- Children who have been separated from their birth family experience a great deal of stress; this makes it vital to place them with another family who will accept them as their own.
- Foster children often experience significant placement disruption, which can contribute to emotional-behavior problems (Smith, Stormshak, Chamberlain, & Bridges Whaley, 2001).
- Constantly, having to adapt to new caregivers can contribute to attachment difficulties.
- Approaches must consider children’s rights and family preservation, and foster families must be seen as part of a professional team.
- Children in foster care frequently have experienced poverty and violence. They often struggle with a history of neglect and mistreatment by their caregivers, grief for lost relatives and close friends, disorientation from the loss of their homes, multiple foster care placement transitions, and interaction with numerous systems of care (Lawrence, Carlson, & Egeland, 2006).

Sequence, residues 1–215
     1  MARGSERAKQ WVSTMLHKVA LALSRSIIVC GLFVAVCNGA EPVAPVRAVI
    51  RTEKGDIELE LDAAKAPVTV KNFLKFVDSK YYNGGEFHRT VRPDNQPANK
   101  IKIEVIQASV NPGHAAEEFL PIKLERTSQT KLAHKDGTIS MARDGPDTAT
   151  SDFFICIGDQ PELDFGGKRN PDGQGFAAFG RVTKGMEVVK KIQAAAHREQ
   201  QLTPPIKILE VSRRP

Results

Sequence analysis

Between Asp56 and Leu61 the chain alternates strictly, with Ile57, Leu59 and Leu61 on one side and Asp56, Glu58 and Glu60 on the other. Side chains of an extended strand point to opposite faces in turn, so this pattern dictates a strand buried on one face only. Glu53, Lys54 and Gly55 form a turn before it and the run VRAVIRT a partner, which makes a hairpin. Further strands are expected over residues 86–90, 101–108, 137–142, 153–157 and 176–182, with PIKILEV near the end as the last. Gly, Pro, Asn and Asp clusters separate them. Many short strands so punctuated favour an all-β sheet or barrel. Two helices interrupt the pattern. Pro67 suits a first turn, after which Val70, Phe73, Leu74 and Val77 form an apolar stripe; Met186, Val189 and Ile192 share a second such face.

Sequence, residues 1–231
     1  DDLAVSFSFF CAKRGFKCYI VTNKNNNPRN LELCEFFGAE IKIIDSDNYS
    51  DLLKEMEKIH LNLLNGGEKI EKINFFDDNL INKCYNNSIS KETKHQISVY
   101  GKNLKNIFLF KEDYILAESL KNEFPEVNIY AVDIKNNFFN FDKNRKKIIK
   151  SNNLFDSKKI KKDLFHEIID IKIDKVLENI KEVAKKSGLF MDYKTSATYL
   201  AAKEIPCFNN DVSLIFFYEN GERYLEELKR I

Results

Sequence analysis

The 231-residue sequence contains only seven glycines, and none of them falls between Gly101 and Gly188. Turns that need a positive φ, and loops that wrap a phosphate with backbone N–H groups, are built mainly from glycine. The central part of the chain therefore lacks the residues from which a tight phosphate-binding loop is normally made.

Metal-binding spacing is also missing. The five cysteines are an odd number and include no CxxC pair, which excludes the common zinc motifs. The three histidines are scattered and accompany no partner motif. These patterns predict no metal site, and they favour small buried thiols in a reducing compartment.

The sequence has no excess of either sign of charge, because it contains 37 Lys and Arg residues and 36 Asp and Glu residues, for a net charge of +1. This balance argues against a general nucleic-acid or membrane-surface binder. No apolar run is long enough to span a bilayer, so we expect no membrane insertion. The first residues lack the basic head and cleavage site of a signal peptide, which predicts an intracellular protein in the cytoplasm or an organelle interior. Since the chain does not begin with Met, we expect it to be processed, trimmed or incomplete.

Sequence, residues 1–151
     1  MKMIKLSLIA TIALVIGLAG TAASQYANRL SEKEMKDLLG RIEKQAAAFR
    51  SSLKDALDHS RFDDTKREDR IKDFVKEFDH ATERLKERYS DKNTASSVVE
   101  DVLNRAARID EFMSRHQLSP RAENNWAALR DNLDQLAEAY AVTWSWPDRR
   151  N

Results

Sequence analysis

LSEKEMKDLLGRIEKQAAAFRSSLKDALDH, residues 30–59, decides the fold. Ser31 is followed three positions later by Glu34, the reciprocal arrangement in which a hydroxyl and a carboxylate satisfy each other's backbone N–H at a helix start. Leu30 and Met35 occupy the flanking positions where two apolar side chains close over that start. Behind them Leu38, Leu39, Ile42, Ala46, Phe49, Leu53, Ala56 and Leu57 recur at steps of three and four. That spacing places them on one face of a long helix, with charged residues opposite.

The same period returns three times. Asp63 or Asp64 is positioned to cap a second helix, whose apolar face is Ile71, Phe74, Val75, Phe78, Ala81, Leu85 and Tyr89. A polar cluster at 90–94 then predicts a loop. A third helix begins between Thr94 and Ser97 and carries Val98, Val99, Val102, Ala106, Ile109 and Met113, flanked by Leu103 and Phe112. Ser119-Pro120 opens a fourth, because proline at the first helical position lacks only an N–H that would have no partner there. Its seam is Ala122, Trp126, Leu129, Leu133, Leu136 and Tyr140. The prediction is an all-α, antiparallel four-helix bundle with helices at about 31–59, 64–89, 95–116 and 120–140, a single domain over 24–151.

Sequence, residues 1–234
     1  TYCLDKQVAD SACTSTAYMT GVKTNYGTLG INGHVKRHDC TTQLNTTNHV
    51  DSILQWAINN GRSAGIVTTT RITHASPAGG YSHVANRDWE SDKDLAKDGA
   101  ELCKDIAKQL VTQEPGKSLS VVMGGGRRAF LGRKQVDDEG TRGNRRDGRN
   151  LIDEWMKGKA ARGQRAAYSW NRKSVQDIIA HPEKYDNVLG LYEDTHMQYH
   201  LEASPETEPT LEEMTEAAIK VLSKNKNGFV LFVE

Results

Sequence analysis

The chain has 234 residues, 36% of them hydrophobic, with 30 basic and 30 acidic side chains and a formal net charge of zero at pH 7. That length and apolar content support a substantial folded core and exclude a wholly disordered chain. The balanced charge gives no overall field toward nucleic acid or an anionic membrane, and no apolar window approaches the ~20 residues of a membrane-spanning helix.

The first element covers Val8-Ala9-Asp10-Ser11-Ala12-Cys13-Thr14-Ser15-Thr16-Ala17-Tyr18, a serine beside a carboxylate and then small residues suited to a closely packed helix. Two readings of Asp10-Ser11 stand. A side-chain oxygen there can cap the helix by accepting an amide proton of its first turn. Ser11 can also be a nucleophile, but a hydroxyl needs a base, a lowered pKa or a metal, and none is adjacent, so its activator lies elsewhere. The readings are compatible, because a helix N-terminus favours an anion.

- Foster children need to adjust to a new environment, which can sometimes involve fitting into a new culture.
- These negative, inescapable experiences can impact the children’s neurobiology, with one consequencebeing long-lasting developmental impairment (Gomez, 2013).
Lawrence, C. R., Carlson, E. A., & Egeland, B. (2006). The impact of foster care on development.Development and Psychopathology, 18, 57–76.
Smith, D. K., Stormshak, E., Chamberlain, P. & Bridges-Whaley, R. (2001). Placement disruption in treatment foster care. Journal of emotional and behavioral disorders, 9(3), pp. 200–205.
Gomez, A. M. (2013). EMDR Therapy and adjunct approaches with children: Complex trauma, attachment, and dissociation. New York, NY: Springer Publishing company.